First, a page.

My analysis of the situation
Given the complexity and time needed to write custom test scripts from scratch, I knew I needed a proactive approach to producing these scripts. As I had done in other projects before and since, I would use the concept of modularity: creating things at a granularity that would support assembling them as needed to build whatever was needed as it was needed. I had come by this approach from my training as an intelligence analyst: always break a big problem into small ones you can easily solve.
Another need was to automate the reporting of each test script's results. Part of my test scripts would be recording in a table all the errors found. During the project, there would be many tests for many different things. A tremendous number of errors would be found, especially in the early stages of each phase. The volume and complexity of the error data would make reporting the results of a test complicated: I would need to query for those particular results, export and format them, summarize them in an email message, and distribute those results to my internal customers. This would be time-consuming and error prone. I knew I would have to automate this task.
My solution: modularity & automation
For my quality testing scripts, I decided to be proactive. I immediately began to compose and test PL/SQL "snippets" for each individual data standard. A snippet would consist only of those lines of PL/SQL needed for the quality standard. There would be no variable definitions or output code --- just the few lines of code pertaining to the quality standard.
I saved each snippet in its own text file. I could then combine these snippets as needed to create a test script. The last steps in creating a test script would be the insertion of reusable code for defining needed variables (standardized for use with any quality standards) and the code needed to record the test results.
To automate both the production of these custom scripts and the reporting of their results, I created an Oracle and MS Access/VBA solution, QUATRA (for QUAlity Testing & Reporting App). It was characterized by:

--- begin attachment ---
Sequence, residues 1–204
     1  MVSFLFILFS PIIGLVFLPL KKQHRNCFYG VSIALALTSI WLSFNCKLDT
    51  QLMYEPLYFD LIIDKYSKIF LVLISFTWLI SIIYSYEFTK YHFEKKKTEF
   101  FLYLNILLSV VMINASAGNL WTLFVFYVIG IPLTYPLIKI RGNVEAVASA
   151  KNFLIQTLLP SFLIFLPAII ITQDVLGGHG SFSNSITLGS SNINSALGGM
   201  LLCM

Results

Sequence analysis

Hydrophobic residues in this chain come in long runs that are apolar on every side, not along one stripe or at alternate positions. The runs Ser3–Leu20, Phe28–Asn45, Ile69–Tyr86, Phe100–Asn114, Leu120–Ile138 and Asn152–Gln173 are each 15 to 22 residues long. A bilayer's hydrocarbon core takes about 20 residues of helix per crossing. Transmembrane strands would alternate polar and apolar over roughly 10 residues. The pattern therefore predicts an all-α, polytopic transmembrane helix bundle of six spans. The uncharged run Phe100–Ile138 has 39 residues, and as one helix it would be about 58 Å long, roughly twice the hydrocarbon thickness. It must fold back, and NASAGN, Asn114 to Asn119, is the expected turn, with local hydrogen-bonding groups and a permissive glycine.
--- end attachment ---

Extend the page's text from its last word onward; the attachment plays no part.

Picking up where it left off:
MS Access and VBA programming provided a user interface for me to perform my automated tasks.
A strict folder structure and file naming convention kept my PL/SQL snippets organized for automated retrieval.
Oracle housed each test's results and summary data.
QUATRA in operation
When the developers would ask me for a custom test script based on certain data standards, I selected those standards in my Access interface. Then, at a click of a button, my VBA programming retrieved each of the needed PL/SQL "snippets", inserted their text and the standard supporting code into a new text file, saved the resulting script, and opened it for me to use. After I had run the script in Oracle, I could click another button to have the results of that test script extracted, summarized, and prepared in an email for delivery. Although a script might take hours to run to completion, my own labor for each script took only minutes. With the time QUATRA saved me, I wrote and tested the "snippets" for the data standards of the next stage of the project. I also had time for other projects.
Development time pays off
Designing and building QUATRA and the initial PL/SQL snippets took me several weeks. Since this was at the start of the project when managers and developers were still planning, I had the time to do this. The investment paid off handsomely. One key benefit was that I avoided all the mistakes I might otherwise have made if I created all my scripts from scratch and by hand. Once again, the combination of my analytical experience, Quality background, and skills with databases and programming had provided a solution to what started out as a large, complex problem.